After a surprisingly good nights sleep I woke to a beautiful warm and sunny day – not what I was expecting from Greenland. I don’t think I’m going to need my thermals, scarf and bobble hat!
We spent the night anchored in the still waters of Itilleq Bay and this mornings itinerary included a short trip to the beach jetty at Itilleq followed by a 4km hike to the former Norse settlement of Gardar.
After a very hearty buffet breakfast we had a briefing about the Environmental Policies of travelling within the Arctic regions, the Code of Conduct when going ashore and most importantly how to get on and off the small Zodiac boats safely and without looking like a complete idiot.
After that it was life jackets on ready to board the boats and start the days activities. After a short boat ride over flat, calm waters we disembarked onto a small wooden jetty, where the dirt road to the small town of Igaliku starts. Once we were all ashore we started the hike passing through lush, green farmlands, a far cry from what I was expecting Greenland to be.
After just over an hour we reached the small settlement of Igaliku, which houses some impressive Norse ruins known as Gardar. In 985 AD Einar, a good friend of the founder of Greenland, Eric the Red, settled in Igaliku and named his farm Gardar. During the Norse period it became a very important area housing the Parliament where all laws were established. Following the introduction of Christianity to Greenland at around the turn of the millennium, the religion became so powerful that a bishop was appointed in 1124 and the impressive Episcopal residence of Gardar, was established shortly afterwards. Today the site is just ruins but our guide Isabeau gave a detailed explanation as to how the site would have looked in the 12th Century with a Cathedral, a Bishops residence, with several rooms, an Assembly Hall, Bell Tower, Tithe Barn, Smithy, Cowshed, barns and Well.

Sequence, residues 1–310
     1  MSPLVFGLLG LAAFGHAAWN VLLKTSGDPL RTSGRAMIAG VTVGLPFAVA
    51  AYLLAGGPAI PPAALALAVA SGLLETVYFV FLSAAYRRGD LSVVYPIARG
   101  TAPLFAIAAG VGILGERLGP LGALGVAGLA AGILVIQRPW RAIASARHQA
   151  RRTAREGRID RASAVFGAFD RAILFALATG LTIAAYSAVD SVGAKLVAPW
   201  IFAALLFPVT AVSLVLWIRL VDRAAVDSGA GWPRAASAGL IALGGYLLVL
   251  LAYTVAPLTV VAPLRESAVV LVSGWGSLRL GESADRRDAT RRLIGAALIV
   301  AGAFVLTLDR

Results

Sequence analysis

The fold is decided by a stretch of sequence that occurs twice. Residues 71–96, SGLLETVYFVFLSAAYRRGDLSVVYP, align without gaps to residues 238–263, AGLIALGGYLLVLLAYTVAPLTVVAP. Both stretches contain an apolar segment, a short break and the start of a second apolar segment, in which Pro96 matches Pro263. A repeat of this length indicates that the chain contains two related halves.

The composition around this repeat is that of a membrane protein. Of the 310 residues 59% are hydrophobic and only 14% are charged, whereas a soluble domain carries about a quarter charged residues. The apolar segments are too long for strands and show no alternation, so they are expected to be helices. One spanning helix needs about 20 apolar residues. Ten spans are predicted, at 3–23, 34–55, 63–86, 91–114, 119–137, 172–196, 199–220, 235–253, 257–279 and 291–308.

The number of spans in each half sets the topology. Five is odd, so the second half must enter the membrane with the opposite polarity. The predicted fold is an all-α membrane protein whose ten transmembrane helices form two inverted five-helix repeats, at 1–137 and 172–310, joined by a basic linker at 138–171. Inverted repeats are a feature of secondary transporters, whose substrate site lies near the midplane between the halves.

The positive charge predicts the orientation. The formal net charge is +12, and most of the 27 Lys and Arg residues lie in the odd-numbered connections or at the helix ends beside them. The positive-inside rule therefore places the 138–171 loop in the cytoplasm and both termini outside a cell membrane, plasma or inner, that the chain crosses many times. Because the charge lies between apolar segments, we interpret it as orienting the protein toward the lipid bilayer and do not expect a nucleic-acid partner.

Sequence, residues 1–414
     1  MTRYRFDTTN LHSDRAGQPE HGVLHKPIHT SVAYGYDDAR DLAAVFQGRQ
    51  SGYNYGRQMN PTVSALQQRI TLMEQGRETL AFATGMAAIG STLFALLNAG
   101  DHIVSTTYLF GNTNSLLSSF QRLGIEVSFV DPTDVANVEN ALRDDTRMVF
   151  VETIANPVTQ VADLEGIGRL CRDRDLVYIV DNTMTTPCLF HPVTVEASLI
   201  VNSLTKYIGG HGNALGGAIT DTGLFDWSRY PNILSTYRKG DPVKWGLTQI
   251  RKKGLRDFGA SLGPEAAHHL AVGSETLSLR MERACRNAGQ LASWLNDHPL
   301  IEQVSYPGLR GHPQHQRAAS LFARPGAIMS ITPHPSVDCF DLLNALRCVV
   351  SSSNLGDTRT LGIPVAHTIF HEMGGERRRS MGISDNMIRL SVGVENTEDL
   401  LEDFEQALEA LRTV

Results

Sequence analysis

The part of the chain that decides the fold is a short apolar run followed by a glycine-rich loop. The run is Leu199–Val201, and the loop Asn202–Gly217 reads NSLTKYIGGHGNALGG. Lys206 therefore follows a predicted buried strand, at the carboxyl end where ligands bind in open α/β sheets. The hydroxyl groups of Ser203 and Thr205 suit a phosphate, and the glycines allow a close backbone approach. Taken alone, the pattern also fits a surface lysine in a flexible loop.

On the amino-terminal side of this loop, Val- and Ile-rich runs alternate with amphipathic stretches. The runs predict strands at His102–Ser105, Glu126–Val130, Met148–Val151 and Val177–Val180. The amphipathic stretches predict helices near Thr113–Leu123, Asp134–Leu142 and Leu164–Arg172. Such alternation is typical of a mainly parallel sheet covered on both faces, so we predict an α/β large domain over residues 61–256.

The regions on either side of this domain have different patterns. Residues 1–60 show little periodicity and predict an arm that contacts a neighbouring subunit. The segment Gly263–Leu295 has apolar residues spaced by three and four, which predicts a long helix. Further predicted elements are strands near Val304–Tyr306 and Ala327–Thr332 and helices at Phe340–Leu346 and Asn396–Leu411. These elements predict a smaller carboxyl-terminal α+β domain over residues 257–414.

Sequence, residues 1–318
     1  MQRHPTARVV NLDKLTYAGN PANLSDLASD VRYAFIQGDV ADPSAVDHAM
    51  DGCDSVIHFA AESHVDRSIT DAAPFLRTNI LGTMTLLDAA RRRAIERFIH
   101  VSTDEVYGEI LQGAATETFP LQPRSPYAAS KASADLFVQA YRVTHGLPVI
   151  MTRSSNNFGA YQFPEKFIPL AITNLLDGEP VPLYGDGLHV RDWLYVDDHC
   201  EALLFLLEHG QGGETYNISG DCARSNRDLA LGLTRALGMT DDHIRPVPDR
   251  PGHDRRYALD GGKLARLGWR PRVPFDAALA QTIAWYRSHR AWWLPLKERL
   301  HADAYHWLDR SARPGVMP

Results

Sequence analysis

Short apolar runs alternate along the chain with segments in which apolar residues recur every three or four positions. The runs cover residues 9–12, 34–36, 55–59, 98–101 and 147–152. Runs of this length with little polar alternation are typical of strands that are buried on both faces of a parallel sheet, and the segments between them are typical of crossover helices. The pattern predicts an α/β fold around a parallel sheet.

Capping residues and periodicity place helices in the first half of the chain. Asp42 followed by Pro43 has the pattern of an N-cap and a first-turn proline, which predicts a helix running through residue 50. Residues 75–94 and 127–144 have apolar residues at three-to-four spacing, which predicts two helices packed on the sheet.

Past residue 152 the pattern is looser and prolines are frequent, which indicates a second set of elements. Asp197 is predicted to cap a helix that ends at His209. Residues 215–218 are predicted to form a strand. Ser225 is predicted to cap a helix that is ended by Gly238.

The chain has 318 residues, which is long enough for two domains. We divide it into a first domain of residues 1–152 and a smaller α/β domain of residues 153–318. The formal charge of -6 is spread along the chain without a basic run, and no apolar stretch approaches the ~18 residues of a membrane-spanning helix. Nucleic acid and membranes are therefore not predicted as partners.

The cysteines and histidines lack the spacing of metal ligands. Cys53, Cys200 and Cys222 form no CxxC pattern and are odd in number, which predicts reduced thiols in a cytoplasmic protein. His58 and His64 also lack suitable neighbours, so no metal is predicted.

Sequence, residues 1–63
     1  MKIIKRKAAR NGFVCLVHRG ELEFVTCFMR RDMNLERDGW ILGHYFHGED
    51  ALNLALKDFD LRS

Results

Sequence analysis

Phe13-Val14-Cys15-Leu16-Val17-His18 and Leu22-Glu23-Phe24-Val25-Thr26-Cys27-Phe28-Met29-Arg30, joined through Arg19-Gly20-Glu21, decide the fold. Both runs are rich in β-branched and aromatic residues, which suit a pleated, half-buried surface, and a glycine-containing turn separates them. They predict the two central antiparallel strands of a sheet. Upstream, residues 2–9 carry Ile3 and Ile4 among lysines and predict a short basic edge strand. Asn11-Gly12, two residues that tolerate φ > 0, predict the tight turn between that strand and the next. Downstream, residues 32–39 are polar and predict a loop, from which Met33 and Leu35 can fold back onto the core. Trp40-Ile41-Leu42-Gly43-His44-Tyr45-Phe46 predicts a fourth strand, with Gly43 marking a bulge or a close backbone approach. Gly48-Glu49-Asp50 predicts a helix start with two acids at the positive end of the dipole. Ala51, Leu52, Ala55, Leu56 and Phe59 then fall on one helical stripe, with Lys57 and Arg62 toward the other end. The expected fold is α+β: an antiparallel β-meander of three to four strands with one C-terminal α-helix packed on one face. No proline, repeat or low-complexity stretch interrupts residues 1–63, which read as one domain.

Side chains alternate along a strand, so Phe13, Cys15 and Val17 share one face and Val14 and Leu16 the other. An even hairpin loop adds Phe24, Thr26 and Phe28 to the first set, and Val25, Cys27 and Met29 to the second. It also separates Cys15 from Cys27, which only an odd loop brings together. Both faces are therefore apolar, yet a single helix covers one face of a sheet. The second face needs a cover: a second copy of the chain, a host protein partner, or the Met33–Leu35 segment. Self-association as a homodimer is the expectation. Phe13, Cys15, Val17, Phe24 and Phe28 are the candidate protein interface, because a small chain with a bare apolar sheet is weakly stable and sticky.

Nowadays Igaliku is a small settlement inhabited by 30 people who stay there the whole year round, but this number increases in the Summer due to an influx of Greenlandic visitors from other settlements coming to visit friends and family. There are also a huge number of tourists who come to visit during the Summer months to see the ruins at Gardar. Today the town was really busy as the previous night there had been the annual Igaliku Party and around 300 people from neighbouring settlements had come for the celebrations.
After a short wander around the settlement it was time to hike back to the jetty to take the Zodiacs back to the Rembrandt. Once everyone was back on board it was time for lunch and for the Rembrandt to set sail to Qalerallit Imaa Fjord where we were going to drop anchor for the night. We soon left Eriksfjord and slowly sailed into Ikersuaq Fjord where the scenery was very different. Here we encountered icebergs and sea ice, which made our progress slow but it was so exciting to see such spectacular scenery close up.
The afternoon was spent either on deck watching the magical scenery float by, chatting with the other guests in the bar and reading. By 8pm we had reached the head of Qalerallit Fjord and the anchor was dropped while we all enjoyed dinner onboard.